The Petruzzelli Theater in Bari is the fourth-largest opera house in Italy and one of the most important, with La Scala in Milan, La Fenice in Venice, the Regio in Turin, the San Carlo in Naples and the Massimo in Palermo.
The project for the theater was presented by the Petruzzelli brothers, Onofrio and Antonio, to their brother-in-law Angelo Messeni, engineer for Bari City Council and husband to their sister Maria, in 1896. Construction, however, started only two years later, in 1898. The building, which is located at the very heart of Bari, in Via Camillo Benso Conte di Cavour, was completed in 1903 and the first opera represented was Giacomo Meyrbeer’s Gli Ugonotti, on the 14th of February of the same year.
For the times, it was quite a modern theater, with central heating and electricity, as well as an incredibly beautiful dome, frescoed by Raffaele Armenise. In 1954, it was declared a Monumento di Interesse Storico e Artistico, thus protected by law. In 1973, the continuous quality of its programs and of the artists who had been performing on its stage made it a Teatro di Tradizione.
In 1991, it was almost fully destroyed by a fire. After almost 20 years of reconstruction, with funding coming from the State and the EU, the Petruzzelli Theater reopened in 2009, on the 4th of October with a performance of Beethoven’s Ninth Symphony by the Orchestra della Provincia di Bari. The first opera lirica performed after the new inauguration was Puccini’s Turandot. The “new” Petruzzelli has 1,482 seats, 450 in the audience and 1,032 along 6 balcony levels, improved acoustics and, you could bet on it, a state-of-the-art anti-fire system. The original theater could host 3,500 people.
Theaters, everyone knows, are mysterious and curious places, with their own stories and anecdotes, legends and, indeed, ghosts: the Petruzzelli is no different. One of the most famous tales associated with it is directly connected to the night of the 27th of October 1991, when a raging fire almost erased the theater from the face of the Earth. That evening, Vincenzo Bellini’s Norma was staged, ending only a handful of hours before the tragedy took place: opera lovers know well how the ending of the opera revolves around fire, with Norma walking into the pyre where her lover is burned, a bitter coincidence that many Baresi noticed.
While opera and symphonic music are more its thing, the Petruzzelli also has a penchant for cinema: for instance, its foyer, which is the only area of the original building that survived the 1991 fire, was the backdrop for Franco Zeffirelli’s Il Giovane Toscanini (1988), where it was transformed into the grand hall of a ship. Fifteen years earlier, Italian cinema stars Alberto Sordi and Monica Vitti, protagonists of Polvere di Stelle as husband and wife, portrayed their characters’ acting dreams on its stage.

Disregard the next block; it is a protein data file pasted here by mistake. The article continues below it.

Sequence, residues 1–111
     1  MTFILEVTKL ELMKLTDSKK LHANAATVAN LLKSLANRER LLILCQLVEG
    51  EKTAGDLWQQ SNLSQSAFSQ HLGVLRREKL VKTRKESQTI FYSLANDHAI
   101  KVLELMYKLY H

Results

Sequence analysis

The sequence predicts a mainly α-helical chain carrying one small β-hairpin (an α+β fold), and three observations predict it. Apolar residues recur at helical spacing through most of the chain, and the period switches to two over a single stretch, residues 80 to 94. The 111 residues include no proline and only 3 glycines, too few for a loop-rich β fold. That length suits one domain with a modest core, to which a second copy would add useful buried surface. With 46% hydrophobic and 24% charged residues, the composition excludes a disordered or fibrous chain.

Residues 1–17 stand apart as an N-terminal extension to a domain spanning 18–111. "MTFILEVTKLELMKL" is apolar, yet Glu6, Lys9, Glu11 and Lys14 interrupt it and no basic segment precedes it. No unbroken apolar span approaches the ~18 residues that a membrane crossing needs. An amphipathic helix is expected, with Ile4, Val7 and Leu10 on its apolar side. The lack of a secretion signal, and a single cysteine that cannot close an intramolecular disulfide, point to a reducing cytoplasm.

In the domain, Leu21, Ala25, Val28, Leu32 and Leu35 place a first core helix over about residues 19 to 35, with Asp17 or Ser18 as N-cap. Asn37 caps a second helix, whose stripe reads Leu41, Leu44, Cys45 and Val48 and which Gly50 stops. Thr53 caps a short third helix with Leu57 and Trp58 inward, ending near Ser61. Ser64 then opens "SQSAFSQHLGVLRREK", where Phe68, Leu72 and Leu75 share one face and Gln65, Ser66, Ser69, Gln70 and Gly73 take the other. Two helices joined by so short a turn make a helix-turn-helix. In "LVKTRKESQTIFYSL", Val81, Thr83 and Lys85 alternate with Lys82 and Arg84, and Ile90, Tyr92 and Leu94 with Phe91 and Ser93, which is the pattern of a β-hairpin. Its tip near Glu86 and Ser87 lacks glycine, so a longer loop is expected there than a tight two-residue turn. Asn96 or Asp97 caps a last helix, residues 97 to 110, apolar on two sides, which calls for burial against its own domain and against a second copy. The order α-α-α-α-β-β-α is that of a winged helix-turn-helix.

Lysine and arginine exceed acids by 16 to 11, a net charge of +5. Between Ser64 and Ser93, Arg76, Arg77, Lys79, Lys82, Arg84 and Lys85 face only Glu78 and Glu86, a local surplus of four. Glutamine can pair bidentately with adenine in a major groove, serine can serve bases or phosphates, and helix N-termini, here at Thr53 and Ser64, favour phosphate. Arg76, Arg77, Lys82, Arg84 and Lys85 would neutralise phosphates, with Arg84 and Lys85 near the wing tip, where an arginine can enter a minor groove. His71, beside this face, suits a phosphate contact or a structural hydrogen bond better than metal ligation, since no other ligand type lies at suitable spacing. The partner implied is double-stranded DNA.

But there are also more mysterious anecdotes about this beautiful theater. For instance, it seems that there was a secret chamber, which went destroyed – again – during the 1991 fire. The revelation came during an Italian TV show, Voyager, dedicated to history, art and sciences. In a special episode entirely dedicated to the Petruzzelli Theater, former head engineer Antonio Manzari told the host, journalist Roberto Giacobbo, how he found out about it. Manzari said he had heard about a mysterious closet with a hidden door, which he found by probing the wall with his hands. When he entered the room, he found it full of furniture and objects, including swords and helmets and documents, some of them signed by Benito Mussolini and King Vittorio Emanuele III. Unfortunately, we will never know whether Manzari’s tale was true or not because everything inside the room was incinerated during the fire.
As every theater should, the Petruzzelli has got its own ghost, too. It’s the restless spirit of a young American Marine who had come to Italy during the Second World War and tragically killed himself inside the theater. Apparently, he is still roaming the area between the stage, the orchestra pit and the audience.
Secrets and ghosts are good, but the greatest mystery of the Petruzzelli Theater remains the fire that burned it almost to the ground in 1991. Because it was arson, and because it had been done on commission, but no one has been charged, in more than 30 years. Luckily the theater was reborn, quite literally, from its ashes, even if it was a long and difficult journey, with works being often halted because of police investigations and financial issues.
Baresi are happy to say, today, that their beloved Petruzzelli, with all its secrets, mysteries and ghosts, is back. The 2023 season includes operas such as Verdi’s Otello, Puccini’s Turandot and La Bohème, Wagner’s Tannhäuser, ballet performances of Tchaikovsky’s Swan Lake and orchestra performances of works by Mozart, Debussy, Stravinsky, Beethoven, Schumann, Vivaldi and Handel.